Harness racing driver/trainer Simon Lawson has failed with his bid to have his disqualification cancelled after the appeal was declined by the appeals tribunal at a recent hearing.
Lawson was charged with serious misconduct in May 2019 when placing successful bets on 2 horses in harness races in which Mr Lawson was driving other horses, which were unplaced.
The JCA stated the offending struck at the heart of the integrity of the Code and damaged its reputation within the community, handing down a disqualification period of 2 years and 6 months commencing on 11 May 2019 and set to end on 11 November 2021.
Full details below.
BEFORE THE APPEAL TRIBUNAL OF THE JUDICIAL CONTROL AUTHORITY
UNDER THE RACING ACT 2003 and in the matter of an appeal under Part XII of the NZ Rules of Harness Racing
BETWEEN RACING INTEGRITY UNIT (RIU)
Appellant / Informant
AND SIMON LAWSON
Licensed Open Horseman and Public Trainer
Hon J W Gendall QC – Chair
Mr L N McCutcheon – Member
Mr S Symon and Ms E Smith for RIU
Ms M-J Thomas for Simon Lawson
Present: Messrs A Cruickshank and N Grimstone (RIU)
Messrs Rob Lawson and Hank Habraken
Mr Simon Lawson did not attend
Hearing held at Hamilton on May 6 2019
Reserved Decision (Reasons) for Decision of Appeal Tribunal
 This is an appeal by the Racing Industry Unit (RIU) against a penalty decision of a Judicial Committee of the JCA, delivered on 5 March 2019, imposing sanctions upon Simon Lawson, a licensed horseman, for breaches of a Rule of Harness Racing deemed to be “Serious Racing Offences”.
 A licensed horseman (driver) he had admitted two charges of offending against Rule 505(1) of the New Zealand Rules of Harness Racing, they being serious racing offences under Rule 505(2). The essence of the charges were that he:
(a) On 25 May 2018 he bet on a horse MR NATURAL in a race at Alexandra Park, Auckland in which he drove another horse MY ROYAL RUBY. His futures bet was $50 to win (at TAB bookmakers odds of 35-1) and $50 to place (at odds 6-1).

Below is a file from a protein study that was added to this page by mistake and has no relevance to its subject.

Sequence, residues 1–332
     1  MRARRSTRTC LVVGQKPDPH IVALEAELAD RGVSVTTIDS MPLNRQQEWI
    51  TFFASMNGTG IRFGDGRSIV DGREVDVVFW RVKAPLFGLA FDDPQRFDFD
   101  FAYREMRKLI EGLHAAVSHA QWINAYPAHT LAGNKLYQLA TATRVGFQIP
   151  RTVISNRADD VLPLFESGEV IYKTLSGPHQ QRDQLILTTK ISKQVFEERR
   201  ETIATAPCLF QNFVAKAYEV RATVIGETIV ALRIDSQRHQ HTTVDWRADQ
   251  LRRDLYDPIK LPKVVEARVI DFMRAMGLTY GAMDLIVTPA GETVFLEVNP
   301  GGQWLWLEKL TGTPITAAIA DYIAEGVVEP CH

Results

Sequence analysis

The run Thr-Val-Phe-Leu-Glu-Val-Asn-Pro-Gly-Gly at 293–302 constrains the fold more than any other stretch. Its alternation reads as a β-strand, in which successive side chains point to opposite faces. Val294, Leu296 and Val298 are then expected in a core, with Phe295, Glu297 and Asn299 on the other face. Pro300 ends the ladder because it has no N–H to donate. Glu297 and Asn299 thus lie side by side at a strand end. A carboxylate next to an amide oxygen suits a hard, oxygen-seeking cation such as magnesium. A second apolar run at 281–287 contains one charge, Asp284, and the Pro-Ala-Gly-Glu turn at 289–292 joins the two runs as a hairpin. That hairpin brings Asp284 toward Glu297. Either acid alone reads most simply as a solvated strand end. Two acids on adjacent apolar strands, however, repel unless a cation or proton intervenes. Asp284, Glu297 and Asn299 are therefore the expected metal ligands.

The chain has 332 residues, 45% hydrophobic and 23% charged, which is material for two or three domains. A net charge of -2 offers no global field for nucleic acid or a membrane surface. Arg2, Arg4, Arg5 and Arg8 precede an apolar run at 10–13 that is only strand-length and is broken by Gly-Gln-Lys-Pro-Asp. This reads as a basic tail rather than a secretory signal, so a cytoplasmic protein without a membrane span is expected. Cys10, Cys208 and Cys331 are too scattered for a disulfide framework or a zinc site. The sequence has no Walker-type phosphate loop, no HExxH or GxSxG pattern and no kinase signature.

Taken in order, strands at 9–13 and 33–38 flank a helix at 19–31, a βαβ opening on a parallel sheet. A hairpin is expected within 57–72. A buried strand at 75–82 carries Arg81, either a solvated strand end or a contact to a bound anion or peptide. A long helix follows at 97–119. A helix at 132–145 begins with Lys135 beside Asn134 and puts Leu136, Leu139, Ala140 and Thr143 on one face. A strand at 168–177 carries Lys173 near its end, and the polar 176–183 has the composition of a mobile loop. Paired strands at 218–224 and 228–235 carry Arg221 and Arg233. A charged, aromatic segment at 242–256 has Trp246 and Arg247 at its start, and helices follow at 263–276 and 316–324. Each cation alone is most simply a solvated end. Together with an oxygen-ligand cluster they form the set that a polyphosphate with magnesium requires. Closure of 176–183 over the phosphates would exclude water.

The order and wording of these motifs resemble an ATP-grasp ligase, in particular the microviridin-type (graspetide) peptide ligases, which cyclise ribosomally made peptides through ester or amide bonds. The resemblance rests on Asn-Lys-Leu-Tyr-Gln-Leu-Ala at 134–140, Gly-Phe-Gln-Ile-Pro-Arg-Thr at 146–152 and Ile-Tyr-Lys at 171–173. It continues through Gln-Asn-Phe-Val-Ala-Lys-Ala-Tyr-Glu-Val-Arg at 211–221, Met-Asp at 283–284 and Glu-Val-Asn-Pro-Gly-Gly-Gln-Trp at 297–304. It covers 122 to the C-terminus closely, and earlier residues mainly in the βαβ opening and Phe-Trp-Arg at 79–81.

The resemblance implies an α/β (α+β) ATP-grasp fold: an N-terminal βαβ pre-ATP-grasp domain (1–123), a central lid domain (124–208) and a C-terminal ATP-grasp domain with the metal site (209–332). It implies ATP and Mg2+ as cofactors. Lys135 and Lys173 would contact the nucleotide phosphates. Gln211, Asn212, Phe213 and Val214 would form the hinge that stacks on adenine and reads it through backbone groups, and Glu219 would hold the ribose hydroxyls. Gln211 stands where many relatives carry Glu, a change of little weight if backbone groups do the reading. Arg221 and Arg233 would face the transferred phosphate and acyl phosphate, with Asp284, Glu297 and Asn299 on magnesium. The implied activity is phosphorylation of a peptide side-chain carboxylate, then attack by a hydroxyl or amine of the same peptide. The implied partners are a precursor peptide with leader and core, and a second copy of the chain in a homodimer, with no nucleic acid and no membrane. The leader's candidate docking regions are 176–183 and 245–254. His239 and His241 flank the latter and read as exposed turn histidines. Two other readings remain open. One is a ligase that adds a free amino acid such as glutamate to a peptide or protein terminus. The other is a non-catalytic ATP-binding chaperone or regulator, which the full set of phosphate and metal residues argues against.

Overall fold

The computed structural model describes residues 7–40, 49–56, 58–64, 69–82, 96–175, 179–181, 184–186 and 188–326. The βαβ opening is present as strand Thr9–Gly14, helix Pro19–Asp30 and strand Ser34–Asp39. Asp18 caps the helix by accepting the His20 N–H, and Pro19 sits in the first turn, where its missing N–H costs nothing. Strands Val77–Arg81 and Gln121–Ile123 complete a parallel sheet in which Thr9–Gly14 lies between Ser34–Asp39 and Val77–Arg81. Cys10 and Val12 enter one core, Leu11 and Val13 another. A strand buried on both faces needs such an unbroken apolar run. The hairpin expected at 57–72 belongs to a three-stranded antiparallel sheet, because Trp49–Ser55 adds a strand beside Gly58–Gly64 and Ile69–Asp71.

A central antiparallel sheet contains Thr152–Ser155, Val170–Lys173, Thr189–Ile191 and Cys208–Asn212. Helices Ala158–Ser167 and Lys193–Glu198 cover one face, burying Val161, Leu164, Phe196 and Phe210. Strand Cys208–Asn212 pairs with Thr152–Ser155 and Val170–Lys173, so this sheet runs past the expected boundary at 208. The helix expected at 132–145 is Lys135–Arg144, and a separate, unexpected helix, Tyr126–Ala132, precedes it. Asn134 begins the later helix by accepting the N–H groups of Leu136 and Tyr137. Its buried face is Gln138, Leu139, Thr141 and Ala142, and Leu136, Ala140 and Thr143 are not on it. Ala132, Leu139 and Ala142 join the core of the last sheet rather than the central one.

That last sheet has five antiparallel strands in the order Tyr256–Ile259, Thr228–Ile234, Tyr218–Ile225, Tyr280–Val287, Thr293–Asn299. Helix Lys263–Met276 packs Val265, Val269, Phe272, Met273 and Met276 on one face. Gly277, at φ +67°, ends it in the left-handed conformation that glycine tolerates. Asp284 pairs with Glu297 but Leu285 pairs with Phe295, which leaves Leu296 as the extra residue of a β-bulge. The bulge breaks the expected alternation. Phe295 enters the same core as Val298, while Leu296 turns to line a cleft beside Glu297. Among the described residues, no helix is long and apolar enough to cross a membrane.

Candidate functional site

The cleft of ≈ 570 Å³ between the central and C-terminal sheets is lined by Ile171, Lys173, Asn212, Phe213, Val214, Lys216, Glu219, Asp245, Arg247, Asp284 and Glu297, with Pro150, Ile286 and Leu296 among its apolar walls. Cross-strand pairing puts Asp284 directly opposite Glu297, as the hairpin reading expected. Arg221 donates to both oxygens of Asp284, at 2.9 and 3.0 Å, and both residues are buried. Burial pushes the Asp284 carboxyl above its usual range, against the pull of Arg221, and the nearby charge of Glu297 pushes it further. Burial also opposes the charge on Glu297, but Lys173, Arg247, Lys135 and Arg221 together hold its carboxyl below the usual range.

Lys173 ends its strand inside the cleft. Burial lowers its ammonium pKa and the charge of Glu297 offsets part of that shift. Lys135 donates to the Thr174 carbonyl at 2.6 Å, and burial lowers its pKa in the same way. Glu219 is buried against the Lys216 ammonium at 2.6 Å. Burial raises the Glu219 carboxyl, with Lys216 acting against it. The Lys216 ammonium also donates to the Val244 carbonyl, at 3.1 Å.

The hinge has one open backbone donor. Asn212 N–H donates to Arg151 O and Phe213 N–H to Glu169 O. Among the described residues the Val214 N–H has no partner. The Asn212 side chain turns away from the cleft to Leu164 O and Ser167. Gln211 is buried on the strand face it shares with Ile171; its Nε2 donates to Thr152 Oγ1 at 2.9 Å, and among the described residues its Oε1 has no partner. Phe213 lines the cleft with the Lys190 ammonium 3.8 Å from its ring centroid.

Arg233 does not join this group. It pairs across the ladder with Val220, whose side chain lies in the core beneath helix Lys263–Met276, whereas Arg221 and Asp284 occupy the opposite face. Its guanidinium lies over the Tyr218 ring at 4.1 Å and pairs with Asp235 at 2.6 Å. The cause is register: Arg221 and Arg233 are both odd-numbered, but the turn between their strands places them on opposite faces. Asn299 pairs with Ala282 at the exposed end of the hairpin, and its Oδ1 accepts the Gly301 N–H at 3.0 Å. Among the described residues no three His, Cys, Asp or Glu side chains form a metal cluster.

(b) On 20 July 2018 he bet on a horse MADAM CONNOISTRE in a race at Alexandra Park Auckland in which he drove another horse ZIYAD. His futures bet was $100 to win (at TAB bookmakers odds of 21-1 and $100 to place (at odds of 3.50-1).
 After hearing submissions from the RIU and on behalf of Mr Lawson, the Judicial Committee imposed penalties (concurrent for each offence):
(a) Suspension of his open horseman licence for a period of 18 months from 15 January 2019 until 31 July 2020.
(b) A fine of $8000.
(c) (By a later decision) that he pay costs of $3500 to the RIU and $1000 to the JCA.
 The RIU has appealed against those orders contending that they are manifestly inadequate.
 Appeals are by way of rehearing except to the extent the Appeal Tribunal otherwise directs. Evidence was not formally given before the Judicial Committee which proceeded on submissions by counsel and the representatives of the parties. The Committee did not decide the truth or otherwise of certain facts in the summary of facts, that Mr Lawson said he disputed. Instead the Committee said the validity of those allegations would not have been material to its decision. We have the benefit of a transcript of the hearing and the submissions made by counsel and Mr Lawson’s lay advocate and the answers to questions put by the Committee.
 We had directed that if Mr Lawson continued to dispute any particular fact or allegation contained in the summary of facts, then as a preliminary matter a “disputed facts” hearing had to take place. Those facts contained in the RIU Summary of Facts, then disputed, were;
(a) “Mr Dixon was also fully aware that Mr Lawson was driving [another horse] in Race 10”.
(b) “Mr Lawson explained [to Mr Habraken] that he was unable to place the bet as he was driving another horse in the same race [on 20 July 2018]”.
(c) “Mr Lawson stated that the betting voucher he created was for the benefit of himself and Mr. Dixon and they usually bet together. He also stated that Mr Dixon had previously placed bets for him when he was unable to as he was driving in a race”.
 Mr Simon Lawson did not attend at the Appeal hearing so we have not heard from him, but his counsel advised us that there need not be a disputed facts hearing as the facts contained in the prosecution Summary of Fact were no longer in dispute. We make it clear that this only means that Mr Lawson SAID those things and not necessarily the truth of them as they may implicate others.
 Although an appeal is a rehearing, nevertheless careful consideration is always given to the initial Committee’s decision. It was comprehensive, encompassing 77 paragraphs. It sets out in detail the submissions for the RIU and Mr Lawson, the background circumstances, and discussion of other cases referred to it (such as Walker, Rasmussen, Bull, Ahern, and McDonald). The reasons given by the Committee in declining the submission of the RIU that a disqualification of up to 3 years was necessary, we distill as follows:
(a) Although this was a “serious racing offence” it arose out of a “Betting Offence” rule and followed on two “mistakes”.
(b) The breaches “could fairly be described as stupidity”.
(c) The offences did not involve “race fixing”.